The Stephens Collection[edit]

A small museum – The Stephens Collection – in Finchley, north London, features the history of the Stephens family and the eponymous ink company, with a section on the development of writing materials. The museum is open three afternoons a week and occasional weekends, and is located in Avenue House, the home of Henry "Inky" Stephens from 1874 until his death. In his will he bequeathed Avenue House and its ten acres of gardens to Finchley Urban District Council, subject to the condition that they be 'open for the use and enjoyment always of the people, subject to reasonable regulation'; the house and grounds are now run by a local charitable trust for public benefit and as a memorial to Dr Stephens and his son.[9]

References[edit]

  1. ^ Leigh Rayment's Historical List of MPs – Constituencies beginning with "H" (part 4)[self-published source][better source needed]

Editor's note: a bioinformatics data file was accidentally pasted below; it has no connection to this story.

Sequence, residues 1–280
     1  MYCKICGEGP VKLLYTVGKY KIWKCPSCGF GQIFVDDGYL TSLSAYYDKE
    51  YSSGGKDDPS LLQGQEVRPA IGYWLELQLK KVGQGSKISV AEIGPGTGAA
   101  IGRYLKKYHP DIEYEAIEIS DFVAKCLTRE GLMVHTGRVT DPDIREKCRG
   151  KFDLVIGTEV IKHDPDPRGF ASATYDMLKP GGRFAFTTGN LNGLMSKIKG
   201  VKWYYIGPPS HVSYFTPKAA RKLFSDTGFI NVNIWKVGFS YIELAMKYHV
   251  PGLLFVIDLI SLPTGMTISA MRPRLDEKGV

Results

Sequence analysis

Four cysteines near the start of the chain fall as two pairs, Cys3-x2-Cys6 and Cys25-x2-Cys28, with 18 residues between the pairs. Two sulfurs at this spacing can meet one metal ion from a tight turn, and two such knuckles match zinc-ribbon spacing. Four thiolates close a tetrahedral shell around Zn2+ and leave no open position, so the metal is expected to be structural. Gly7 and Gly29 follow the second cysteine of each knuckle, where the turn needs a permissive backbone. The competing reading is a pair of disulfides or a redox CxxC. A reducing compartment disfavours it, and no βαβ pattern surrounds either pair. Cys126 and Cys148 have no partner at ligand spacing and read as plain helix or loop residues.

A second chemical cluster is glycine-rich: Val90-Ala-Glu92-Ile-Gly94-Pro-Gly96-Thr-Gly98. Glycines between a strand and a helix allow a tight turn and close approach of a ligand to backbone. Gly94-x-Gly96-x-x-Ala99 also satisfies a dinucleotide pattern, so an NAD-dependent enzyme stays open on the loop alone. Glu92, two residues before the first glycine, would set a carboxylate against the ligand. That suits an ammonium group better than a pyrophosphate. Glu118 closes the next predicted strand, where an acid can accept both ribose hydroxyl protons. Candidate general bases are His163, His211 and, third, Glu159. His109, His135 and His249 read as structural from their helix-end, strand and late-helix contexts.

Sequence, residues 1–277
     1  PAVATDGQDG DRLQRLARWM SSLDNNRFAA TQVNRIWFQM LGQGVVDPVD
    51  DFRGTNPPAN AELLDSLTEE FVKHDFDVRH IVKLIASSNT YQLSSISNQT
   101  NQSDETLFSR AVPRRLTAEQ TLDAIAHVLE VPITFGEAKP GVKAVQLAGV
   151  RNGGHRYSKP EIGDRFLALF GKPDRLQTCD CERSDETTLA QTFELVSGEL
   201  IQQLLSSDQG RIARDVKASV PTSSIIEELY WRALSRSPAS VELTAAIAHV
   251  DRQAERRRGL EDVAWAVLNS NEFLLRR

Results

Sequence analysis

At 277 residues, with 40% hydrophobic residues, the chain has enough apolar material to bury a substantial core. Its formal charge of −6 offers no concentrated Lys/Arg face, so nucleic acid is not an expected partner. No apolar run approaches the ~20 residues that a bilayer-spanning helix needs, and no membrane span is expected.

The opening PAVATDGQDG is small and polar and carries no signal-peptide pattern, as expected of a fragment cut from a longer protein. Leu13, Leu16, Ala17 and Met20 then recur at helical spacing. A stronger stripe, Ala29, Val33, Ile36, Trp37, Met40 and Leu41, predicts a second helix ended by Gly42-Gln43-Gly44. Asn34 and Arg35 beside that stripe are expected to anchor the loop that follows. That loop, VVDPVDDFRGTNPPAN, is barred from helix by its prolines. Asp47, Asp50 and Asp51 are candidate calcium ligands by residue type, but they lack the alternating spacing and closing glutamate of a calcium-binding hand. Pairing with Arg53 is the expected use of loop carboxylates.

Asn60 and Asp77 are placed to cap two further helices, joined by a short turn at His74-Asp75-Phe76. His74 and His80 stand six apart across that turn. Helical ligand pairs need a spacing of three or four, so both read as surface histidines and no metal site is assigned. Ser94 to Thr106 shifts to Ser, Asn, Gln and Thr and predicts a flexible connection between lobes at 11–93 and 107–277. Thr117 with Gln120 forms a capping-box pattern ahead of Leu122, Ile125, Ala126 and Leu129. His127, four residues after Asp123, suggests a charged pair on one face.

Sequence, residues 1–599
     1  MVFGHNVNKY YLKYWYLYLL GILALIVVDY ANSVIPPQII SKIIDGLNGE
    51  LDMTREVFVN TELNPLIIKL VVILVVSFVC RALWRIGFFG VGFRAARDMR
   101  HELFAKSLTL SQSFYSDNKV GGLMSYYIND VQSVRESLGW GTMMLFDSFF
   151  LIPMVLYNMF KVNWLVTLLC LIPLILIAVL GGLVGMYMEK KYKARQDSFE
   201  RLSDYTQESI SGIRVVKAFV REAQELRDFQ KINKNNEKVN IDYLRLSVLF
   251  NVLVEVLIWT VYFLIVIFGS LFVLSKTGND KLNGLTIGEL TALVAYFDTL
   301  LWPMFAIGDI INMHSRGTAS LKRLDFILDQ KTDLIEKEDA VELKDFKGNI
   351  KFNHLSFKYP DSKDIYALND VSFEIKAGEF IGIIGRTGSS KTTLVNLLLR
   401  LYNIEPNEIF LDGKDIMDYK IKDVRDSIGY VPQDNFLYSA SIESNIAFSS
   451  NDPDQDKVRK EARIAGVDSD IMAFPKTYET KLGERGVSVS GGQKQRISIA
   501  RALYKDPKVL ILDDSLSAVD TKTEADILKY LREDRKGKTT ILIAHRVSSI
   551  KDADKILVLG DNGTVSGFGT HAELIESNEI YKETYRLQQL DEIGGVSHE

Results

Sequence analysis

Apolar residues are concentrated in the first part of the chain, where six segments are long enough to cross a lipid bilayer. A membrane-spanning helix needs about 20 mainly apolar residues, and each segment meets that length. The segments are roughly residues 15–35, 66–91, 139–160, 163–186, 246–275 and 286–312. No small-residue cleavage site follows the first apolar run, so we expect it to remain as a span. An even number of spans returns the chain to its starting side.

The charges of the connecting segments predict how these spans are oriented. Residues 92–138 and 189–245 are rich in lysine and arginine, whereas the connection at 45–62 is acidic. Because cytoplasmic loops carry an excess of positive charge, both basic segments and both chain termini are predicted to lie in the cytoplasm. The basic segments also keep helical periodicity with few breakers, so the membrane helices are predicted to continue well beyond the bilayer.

2. ^ Lloyd's Weekly Newspaper, Sunday, 3 July 1887 "Election Intelligence"
  3. ^ a b Cholderton Estate: History Family History
  4. ^ BBC Radio 4 Making History Henry 'Inky' Stephens
  5. ^ The Stephens Collection
  6. ^ The London Gazette: no. 25723. p. 4002. 2 July 1887. Retrieved 12 October 2010.
  7. ^ a b c Craig, F. W. S. (1989) [1974]. British parliamentary election results 1885–1918 (2nd ed.). Chichester: Parliamentary Research Services. p. 348. ISBN 0-900178-27-2. 
  8. ^ Cholderton Village Profile of the Parish
  9. ^ "http://www.stephenshouseandgardens.com"

External links[edit]

Parliament of the United Kingdom
Preceded by
James McGarel-Hogg
Member of Parliament for Hornsey
18871900
Succeeded by
Charles Barrington Balfour